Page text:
Oncol Rep. 2014; 32(6):2696-702 [PubMed] Related Publications
Homo sapiens longevity assurance homolog 2 of yeast LAG (Lass2) catalyzes the synthesis of long-chain ceramide which is an essential element of membranous structures. Deletion of Lass2 is associated with a high risk of spontaneous or DEN-induced hepatocellular carcinoma (HCC), yet the mechanism remains unclear. In the present study, we found extensive vesicles in hepatocytes of one-month-old Lass2-knockout (KO) mice. Hepatic biochemical indices were increased and expression of albumin was attenuated in the one‑month Lass2-KO liver. The results indicate that the injuries of the hepatocytes in young Lass2-KO mice, based on the results of Gene Ontology analysis of mRNA microarray of Lass2-KO liver vs. wild-type liver showed 'wounding response' was the mostly possible altered pathway in the Lass2-KO mice. miR-mRNA integrated analysis revealed that miR-694 was downregulated while its target gene tumor necrosis factor α-induced protein 3 (Tnfaip3) was upregulated, as confirmed by qPCR. The expression of NF-κB which is negatively controlled by Tnfaip3 was detected by qPCR and was found to be downregulated. Herein, we first report that Lass2 deficiency caused the downregulation of miR-694 and the upregulation of its target gene Tnfaip3 in vivo in mice, which may be related to a high risk of occurrence of HCC.

Schimmack S, Taylor A, Lawrence B, et al.
Stathmin in pancreatic neuroendocrine neoplasms: a marker of proliferation and PI3K signaling.
Tumour Biol. 2015; 36(1):399-408 [PubMed] Related Publications
Chromosome 1p35-36, which encodes tumor suppressors and mitotic checkpoint control genes, is commonly altered in human malignancies. One gene at this locus, stathmin 1 (STMN1), is involved in cell cycle progression and metastasis. We hypothesized that increased STMN1 expression may play a role in pancreatic neuroendocrine neoplasm (pNEN) malignancy. We investigated stathmin copy number variation, mRNA, and protein expression using PCR-Taqman Copy Number Assays, Q-PCR, Western blot, and immunohistochemistry. A mechanistic role for stathmin in proliferation was assessed in the BON cell line under growth-restrictive conditions and siRNA silencing. Furthermore, its role in PI3K signaling pathway activation was evaluated using pharmacological inhibitors. mRNA (p = 0.0001) and protein (p < 0.05) were overexpressed in pNENs. Expression was associated with pNEN tumor extension (p < 0.05), size (p < 0.01), and Ki67 expression (p < 0.01). Serum depletion decreased Ki67 expression (p < 0.01) as well as Ser38 phosphorylation (p < 0.05) in BON cells. STMN1 knockdown (siRNA) decreased proliferation (p < 0.05), and PI3K inhibitors directly inhibited proliferation via stathmin inactivation (dephosphorylation p < 0.01). We identified that stathmin was overexpressed and associated with pathological parameters in pancreatic NENs. We postulate that STMN1 overexpression and phosphorylation result in a loss of cell cycle mitotic checkpoint control and may render tumors amenable to PI3K inhibitory therapy.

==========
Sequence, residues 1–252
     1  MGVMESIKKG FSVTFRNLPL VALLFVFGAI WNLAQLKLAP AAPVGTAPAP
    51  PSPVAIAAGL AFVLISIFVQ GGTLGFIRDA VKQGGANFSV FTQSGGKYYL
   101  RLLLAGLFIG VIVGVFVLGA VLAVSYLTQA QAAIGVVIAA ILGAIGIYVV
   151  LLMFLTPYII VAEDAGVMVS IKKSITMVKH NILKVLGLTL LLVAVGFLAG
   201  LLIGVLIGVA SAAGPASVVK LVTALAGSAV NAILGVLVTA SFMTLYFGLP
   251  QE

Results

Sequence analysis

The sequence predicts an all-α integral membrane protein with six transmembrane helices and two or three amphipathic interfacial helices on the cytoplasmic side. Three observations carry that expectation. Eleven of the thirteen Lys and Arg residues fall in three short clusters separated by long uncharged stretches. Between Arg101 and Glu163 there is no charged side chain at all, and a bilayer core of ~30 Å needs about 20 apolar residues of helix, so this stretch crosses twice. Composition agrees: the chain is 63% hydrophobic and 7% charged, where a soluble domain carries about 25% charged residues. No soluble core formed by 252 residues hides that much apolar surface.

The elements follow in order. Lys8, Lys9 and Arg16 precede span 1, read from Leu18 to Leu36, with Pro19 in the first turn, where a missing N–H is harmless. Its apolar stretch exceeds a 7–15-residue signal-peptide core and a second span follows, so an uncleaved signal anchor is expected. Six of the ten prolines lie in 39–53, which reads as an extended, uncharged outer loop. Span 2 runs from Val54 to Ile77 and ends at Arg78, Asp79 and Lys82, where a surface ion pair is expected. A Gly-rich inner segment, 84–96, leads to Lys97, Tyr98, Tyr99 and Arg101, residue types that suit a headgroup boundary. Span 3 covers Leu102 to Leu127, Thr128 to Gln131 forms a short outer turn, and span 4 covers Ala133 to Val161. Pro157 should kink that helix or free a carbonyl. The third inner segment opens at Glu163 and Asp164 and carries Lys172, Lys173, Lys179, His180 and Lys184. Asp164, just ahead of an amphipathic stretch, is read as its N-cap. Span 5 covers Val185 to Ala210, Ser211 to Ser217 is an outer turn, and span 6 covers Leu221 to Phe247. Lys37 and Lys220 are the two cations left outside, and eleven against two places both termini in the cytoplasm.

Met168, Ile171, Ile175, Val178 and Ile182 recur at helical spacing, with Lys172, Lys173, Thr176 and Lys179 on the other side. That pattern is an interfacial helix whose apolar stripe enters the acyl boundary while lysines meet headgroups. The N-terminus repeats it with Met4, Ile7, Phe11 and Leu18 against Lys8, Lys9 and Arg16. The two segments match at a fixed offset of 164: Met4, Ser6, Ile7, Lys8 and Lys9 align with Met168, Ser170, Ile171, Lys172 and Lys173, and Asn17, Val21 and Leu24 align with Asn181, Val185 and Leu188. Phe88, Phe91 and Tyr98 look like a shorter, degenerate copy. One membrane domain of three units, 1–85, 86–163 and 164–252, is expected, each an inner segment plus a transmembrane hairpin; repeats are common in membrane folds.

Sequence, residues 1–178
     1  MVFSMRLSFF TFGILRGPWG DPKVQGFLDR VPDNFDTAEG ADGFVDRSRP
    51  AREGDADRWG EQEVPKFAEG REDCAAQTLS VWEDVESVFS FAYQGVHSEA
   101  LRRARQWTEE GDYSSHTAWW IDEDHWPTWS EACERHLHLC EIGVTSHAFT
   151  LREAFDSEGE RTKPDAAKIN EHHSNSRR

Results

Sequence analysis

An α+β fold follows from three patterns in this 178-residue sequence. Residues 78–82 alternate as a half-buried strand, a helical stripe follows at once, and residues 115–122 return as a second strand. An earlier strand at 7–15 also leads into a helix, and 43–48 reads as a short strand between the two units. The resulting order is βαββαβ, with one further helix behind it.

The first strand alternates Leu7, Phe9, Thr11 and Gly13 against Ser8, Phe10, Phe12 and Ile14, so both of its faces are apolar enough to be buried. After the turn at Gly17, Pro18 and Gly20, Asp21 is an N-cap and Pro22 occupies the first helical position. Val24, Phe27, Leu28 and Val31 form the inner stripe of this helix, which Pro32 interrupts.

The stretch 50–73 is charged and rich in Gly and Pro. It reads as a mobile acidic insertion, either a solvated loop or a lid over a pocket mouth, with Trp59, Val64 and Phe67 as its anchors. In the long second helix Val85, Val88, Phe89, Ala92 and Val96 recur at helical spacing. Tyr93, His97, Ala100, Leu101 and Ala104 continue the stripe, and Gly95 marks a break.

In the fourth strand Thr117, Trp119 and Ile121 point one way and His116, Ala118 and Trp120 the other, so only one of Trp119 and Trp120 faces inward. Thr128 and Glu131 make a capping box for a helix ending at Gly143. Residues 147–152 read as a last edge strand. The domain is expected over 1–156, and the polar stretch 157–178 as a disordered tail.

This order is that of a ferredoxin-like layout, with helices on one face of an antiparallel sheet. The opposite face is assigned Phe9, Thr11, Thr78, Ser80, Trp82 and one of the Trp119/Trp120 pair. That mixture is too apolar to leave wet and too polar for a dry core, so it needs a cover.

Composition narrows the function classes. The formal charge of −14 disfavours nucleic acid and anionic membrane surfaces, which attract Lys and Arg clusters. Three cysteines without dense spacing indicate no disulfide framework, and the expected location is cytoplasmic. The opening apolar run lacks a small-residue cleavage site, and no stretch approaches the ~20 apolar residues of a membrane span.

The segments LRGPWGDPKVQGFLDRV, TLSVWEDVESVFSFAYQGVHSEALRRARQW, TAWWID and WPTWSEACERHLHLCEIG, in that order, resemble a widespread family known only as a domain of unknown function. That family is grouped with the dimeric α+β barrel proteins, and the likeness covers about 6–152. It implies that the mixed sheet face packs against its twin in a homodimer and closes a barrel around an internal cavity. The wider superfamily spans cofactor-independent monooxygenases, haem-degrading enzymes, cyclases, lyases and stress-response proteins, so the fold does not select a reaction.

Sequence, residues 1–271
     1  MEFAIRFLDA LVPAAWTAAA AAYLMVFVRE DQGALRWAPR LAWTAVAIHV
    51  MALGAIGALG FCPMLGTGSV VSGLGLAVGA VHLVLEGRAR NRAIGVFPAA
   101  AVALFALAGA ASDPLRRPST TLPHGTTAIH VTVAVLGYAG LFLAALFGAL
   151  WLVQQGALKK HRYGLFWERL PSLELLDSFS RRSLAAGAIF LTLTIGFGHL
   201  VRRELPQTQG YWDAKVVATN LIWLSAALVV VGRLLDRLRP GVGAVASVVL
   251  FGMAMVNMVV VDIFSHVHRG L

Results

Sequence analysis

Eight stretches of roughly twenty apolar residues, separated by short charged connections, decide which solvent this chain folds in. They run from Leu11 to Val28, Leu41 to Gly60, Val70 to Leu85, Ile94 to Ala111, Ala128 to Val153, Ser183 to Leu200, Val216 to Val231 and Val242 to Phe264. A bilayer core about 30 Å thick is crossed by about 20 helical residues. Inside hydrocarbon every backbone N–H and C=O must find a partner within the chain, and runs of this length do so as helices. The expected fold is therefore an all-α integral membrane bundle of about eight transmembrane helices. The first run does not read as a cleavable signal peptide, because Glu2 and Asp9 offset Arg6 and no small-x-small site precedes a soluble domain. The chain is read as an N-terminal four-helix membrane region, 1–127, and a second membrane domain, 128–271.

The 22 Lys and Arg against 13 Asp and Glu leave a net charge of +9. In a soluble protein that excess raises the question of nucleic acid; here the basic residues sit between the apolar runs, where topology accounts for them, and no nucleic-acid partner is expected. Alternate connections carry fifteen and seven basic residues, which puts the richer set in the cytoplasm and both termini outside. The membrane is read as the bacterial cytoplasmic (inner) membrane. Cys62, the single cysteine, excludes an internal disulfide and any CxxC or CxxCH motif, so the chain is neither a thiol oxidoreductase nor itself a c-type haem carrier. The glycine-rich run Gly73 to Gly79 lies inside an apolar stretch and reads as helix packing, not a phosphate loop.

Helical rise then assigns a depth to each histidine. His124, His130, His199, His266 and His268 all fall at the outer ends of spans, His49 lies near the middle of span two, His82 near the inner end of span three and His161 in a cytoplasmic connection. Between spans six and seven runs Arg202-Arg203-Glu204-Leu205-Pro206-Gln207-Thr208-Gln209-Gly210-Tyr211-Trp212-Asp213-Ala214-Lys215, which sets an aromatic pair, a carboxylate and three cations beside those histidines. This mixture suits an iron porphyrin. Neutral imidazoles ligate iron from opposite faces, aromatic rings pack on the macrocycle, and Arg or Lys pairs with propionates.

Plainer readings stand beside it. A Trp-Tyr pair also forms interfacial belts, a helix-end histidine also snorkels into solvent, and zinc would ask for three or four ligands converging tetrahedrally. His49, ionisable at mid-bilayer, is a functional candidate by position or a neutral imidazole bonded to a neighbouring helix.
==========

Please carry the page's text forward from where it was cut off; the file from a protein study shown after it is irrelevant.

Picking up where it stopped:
Li J, Kong F, Wu K, et al.
miR-193b directly targets STMN1 and uPA genes and suppresses tumor growth and metastasis in pancreatic cancer.
Mol Med Rep. 2014; 10(5):2613-20 [PubMed] Related Publications